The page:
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Connecticut residents sue ICE over constitutionality of immigration raids

[JURIST] Ten residents of New Haven, Connecticut, filed a lawsuit [press release, PDF] Wednesday against several US Immigration and Customs Enforcement (ICE) [official website] officials, alleging violations of the Fourth, Fifth, and Tenth Amendments [text] in planning and carrying out raids in 2007. The suit maintains that the raids, conducted only 36 hours after the city passed a measure that provided ID cards to all residents regardless of immigration status, were intended as a reprisal [AP report]. The suit also alleges that the raids were motivated by race or ethnicity, citing ICE written communications and emphasizing that the raids singled out 33 New Haven addresses from 5,500 outstanding warrants. The plaintiffs allege that by entering their homes without arrest warrants or consent, ICE officials violated their Fourth and Fifth Amendment rights. In addition, the suit posits that ICE infringed on Connecticut's Tenth Amendment protected state powers by interfering with New Haven's affairs. ICE officials named in the suit include then-assistant secretary of Homeland Security for ICE Julie Myers and the former head of the ICE Office of Detention and Removal Operations [official website] John Torres. Yale faculty and law students are representing [Yale Daily News report] the 10 residents in the suit.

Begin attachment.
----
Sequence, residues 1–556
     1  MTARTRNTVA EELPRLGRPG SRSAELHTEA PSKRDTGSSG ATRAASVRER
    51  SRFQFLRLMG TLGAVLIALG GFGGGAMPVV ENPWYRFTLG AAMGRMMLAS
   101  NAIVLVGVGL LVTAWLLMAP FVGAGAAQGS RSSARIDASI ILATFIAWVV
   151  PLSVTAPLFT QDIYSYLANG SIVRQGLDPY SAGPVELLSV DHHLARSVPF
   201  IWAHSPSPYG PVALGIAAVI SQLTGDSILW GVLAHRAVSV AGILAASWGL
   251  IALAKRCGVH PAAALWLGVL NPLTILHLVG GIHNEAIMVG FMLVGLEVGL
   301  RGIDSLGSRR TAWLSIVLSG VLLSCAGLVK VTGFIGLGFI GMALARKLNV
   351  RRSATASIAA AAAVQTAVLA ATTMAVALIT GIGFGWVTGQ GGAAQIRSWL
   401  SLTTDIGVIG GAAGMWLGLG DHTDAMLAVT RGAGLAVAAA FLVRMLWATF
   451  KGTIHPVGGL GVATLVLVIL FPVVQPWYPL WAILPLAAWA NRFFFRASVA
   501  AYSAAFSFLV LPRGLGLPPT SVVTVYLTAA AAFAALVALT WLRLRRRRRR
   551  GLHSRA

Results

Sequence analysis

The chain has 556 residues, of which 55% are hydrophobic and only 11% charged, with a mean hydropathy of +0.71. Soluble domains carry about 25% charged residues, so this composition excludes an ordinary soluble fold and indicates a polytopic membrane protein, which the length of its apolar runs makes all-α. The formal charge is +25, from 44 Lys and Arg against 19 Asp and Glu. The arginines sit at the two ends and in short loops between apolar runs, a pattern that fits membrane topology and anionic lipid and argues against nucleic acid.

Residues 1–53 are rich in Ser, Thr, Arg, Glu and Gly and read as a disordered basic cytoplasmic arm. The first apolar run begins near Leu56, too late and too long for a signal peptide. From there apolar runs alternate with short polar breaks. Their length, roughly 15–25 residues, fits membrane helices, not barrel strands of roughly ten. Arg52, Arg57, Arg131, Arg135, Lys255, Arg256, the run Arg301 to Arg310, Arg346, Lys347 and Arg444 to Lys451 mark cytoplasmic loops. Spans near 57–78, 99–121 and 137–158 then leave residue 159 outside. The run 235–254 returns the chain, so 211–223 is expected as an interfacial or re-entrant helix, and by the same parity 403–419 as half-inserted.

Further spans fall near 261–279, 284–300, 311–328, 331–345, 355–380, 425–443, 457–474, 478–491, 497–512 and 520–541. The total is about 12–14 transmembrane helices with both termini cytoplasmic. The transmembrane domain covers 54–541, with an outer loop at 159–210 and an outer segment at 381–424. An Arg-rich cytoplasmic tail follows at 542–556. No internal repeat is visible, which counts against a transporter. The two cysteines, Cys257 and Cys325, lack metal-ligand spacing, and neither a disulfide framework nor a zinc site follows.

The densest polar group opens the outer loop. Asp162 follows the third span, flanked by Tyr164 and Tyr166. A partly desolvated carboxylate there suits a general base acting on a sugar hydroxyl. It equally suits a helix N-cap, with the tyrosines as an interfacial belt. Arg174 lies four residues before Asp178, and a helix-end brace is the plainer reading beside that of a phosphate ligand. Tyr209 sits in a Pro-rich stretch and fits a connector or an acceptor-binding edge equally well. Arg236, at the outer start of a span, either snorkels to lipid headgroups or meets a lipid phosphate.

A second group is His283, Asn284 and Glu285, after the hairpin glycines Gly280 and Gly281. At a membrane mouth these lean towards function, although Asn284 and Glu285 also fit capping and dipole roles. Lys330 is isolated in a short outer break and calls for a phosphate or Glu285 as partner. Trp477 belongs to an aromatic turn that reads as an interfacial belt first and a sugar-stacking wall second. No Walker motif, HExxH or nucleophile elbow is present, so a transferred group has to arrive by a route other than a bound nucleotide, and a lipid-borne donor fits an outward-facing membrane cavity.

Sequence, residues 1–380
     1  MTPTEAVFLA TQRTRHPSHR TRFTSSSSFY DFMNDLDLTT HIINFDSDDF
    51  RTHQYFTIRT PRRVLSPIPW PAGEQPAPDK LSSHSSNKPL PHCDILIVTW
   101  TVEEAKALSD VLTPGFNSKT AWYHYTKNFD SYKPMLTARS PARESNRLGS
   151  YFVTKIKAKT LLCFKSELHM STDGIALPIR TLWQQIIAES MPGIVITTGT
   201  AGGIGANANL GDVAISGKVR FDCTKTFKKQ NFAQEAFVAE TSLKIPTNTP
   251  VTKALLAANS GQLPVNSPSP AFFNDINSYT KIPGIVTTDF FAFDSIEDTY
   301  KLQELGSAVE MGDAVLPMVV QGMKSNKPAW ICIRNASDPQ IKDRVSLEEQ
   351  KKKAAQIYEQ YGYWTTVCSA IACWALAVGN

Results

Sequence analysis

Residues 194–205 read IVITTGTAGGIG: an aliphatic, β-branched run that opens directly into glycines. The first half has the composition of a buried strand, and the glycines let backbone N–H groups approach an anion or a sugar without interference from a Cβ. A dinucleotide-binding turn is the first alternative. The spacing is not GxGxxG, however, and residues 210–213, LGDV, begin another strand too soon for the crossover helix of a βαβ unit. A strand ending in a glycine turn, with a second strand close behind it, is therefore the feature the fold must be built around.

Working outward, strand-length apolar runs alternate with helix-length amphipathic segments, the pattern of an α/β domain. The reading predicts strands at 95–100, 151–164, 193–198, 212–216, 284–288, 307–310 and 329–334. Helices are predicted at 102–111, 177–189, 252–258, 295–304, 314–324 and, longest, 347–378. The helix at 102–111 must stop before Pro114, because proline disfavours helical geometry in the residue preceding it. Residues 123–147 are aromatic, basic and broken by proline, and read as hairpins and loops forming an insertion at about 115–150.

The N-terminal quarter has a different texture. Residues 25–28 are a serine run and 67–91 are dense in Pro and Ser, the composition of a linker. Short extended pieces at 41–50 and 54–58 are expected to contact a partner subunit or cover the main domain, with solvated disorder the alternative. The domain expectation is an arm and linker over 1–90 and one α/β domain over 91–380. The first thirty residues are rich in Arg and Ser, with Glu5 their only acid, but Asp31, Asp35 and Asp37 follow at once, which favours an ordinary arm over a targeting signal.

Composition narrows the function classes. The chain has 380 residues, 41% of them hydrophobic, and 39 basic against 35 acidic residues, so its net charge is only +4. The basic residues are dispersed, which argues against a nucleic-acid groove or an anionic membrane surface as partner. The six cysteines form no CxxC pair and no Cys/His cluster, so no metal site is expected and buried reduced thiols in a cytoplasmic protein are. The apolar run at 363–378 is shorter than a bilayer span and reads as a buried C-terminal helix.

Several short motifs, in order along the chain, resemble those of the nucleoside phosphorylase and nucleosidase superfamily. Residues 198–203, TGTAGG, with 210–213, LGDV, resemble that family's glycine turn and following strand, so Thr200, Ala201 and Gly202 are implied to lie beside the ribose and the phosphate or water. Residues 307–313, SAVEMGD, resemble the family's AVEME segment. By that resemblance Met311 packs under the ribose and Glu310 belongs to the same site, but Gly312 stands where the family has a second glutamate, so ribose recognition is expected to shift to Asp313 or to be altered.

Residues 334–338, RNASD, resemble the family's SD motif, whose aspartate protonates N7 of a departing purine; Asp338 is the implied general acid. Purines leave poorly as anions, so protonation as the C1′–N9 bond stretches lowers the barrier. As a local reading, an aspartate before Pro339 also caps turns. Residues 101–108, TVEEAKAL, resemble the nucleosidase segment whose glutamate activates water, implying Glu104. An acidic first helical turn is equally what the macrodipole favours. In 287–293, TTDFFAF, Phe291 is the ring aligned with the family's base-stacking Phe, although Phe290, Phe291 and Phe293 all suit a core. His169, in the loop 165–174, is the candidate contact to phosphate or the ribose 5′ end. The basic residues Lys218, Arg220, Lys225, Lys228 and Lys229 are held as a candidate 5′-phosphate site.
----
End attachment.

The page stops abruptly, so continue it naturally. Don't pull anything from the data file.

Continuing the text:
In June 2007, the New Haven Board of Alderman voted [JURIST report] 25-1 to fund a program to provide a municipal identification card to all residents, including the approximately 15,000 undocumented immigrants that reside in New Haven. The measure went into effect [JURIST report] in July 2007, allowing cardholders to access public libraries, parks and recreational sites, and other municipal services as well as serving as debit cards and payment for parking meters. Since its creation in 2003, ICE has been criticized for many of the methods it uses to capture and detain illegal immigrants. In August, the agency announced plans to implement large-scale changes to its immigration detention system, and in the same month acknowledged [JURIST reports] that 11 deaths in immigration detention had gone unreported [press release]. In July, the Immigration Justice Clinic [academic website] at the Cardozo School of Law released a report [text, PDF; JURIST report] saying that immigration agents have committed numerous constitutional violations during raids on immigrants' homes.

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